Tiffany’s economics up and downs have been quite indicative of the general outlook of our economy overall. And it’s no surprise, right? If you can afford a diamond anniversary ring for your wife, chances are your pursestrings aren’t as tight!
Here’s the latest:
Tiffany & Co. sounded an optimistic note for the holidays, saying its sales in the retail industry’s most important season are running ahead of target.
The comments from luxury jewelry company come as retailers are gearing up for the frenzy of Black Friday weekend and a holiday season that the National Retail Federation forecasts will be the best in four years.
“We are now a few weeks into the all-important two-month holiday season, and sales growth is exceeding our expectations,” Tiffany Chief Executive Michael Kowalski said.
The comments followed a strong third quarter for the company, which raised its profit forecast for the year. Tiffany’s shares rose to a record high in early trading Wednesday, and the outlook gave a boost to companies like Coach Inc., Nordstrom Inc. and Saks Inc.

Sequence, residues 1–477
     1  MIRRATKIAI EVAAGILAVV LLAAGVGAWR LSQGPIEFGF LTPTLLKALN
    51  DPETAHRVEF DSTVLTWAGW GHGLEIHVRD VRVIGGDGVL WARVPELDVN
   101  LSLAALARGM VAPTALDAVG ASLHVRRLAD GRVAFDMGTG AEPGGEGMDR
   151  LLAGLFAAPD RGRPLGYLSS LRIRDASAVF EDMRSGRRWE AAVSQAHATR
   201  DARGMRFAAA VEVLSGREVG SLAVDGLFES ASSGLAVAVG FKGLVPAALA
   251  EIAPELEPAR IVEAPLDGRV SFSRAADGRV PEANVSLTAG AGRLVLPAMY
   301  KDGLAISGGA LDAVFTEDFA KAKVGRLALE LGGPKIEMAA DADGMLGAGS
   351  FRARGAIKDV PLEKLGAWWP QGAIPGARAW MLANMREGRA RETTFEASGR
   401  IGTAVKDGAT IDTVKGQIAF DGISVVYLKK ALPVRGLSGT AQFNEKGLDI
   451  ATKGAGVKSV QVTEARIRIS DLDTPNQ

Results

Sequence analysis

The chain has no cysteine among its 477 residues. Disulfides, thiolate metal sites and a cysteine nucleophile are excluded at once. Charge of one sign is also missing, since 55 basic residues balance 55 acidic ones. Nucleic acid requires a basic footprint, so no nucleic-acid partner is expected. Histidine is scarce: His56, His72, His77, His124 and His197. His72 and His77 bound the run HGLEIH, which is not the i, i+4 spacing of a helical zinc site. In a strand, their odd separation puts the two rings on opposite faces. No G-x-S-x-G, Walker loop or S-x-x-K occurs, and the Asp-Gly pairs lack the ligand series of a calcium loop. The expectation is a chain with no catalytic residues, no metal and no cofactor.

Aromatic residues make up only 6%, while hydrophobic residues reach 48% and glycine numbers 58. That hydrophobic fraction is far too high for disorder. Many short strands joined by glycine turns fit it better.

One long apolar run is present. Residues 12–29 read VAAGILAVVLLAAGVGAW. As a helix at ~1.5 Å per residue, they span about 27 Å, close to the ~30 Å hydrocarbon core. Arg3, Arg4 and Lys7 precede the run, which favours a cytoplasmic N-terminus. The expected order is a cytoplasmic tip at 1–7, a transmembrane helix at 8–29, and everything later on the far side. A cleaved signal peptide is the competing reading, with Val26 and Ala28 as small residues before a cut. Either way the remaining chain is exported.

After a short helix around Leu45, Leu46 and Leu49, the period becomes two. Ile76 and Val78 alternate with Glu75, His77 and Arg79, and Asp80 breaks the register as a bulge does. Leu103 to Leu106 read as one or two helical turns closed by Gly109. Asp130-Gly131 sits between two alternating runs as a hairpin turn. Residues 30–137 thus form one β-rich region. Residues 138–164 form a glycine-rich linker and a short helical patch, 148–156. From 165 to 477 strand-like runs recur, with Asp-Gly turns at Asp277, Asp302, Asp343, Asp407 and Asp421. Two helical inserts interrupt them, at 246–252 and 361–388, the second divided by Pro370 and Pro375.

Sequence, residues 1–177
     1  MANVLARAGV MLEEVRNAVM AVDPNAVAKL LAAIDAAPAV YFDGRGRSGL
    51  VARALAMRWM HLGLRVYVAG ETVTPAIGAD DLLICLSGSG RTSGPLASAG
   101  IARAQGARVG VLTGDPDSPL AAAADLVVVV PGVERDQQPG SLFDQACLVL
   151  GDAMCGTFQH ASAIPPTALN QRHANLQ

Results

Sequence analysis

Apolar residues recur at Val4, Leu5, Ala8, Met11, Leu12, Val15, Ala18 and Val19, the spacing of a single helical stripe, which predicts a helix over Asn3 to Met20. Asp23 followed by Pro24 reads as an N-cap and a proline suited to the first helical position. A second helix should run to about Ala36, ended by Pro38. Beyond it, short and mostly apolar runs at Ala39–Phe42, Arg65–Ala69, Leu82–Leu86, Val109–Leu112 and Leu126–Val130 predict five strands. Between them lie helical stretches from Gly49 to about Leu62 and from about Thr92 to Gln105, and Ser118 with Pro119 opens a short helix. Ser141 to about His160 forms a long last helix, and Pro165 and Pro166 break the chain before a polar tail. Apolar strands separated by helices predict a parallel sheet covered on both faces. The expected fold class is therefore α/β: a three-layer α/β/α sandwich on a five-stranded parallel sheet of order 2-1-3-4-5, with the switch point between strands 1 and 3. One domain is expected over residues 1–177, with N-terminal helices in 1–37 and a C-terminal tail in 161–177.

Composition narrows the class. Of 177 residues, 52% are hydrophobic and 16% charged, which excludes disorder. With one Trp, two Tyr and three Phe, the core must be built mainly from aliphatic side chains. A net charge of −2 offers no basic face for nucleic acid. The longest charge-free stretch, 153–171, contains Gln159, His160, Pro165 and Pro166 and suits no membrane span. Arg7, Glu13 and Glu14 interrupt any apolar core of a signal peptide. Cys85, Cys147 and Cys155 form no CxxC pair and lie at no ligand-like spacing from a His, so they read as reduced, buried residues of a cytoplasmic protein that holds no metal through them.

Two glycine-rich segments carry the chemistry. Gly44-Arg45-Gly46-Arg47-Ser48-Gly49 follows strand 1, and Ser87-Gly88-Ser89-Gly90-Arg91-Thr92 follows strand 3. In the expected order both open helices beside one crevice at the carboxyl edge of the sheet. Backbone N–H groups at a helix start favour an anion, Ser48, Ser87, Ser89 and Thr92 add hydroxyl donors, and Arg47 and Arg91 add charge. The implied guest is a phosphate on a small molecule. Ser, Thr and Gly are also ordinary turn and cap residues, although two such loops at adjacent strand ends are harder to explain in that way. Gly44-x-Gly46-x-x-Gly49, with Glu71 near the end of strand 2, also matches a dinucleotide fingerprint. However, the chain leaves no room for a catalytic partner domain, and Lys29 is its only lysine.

The luxury-goods industry has rebounded sharply this year after a disastrous 2008. Coach said in October that it is pleased by its sales trends, and French luxury goods company Hermes International predicted earlier this month that it would have a record year.
Punctuating the rebound, Tiffany said it is seeing the most strength in its higher-end goods. “We continue to see bifurcated performance, with declines in sales and transactions below $500, but double-digit percentage increases in most every other higher priced category,” investor relations chief Mark Aaron said on a conference call with analysts. “This indicates to us diverging effects to one degree or another that the economy is having on consumer spending.”
Tiffany has benefited from higher pricing of late. For the period ended Oct. 31, Tiffany posted a profit of $55.1 million, or 43 cents a share, up from $43.3 million, or 35 cents a share, a year earlier.
Sales jumped 14% to $681.7 million following last year’s 2.9% drop. The company’s gross margin widened to 58.5% from 54.8%, due in part to higher prices.
Sales in the Americas rose 9% and climbed 5% on a same-store basis excluding currency impacts. Internet and catalog sales in the Americas climbed 7%. At Tiffany’s New York flagship store, sales declined 3%. Sales were up 24% and 22% in the Asia-Pacific region and Europe, respectively.
—Matt Jarzemsky contributed to this article.
Source: Wall Street Journal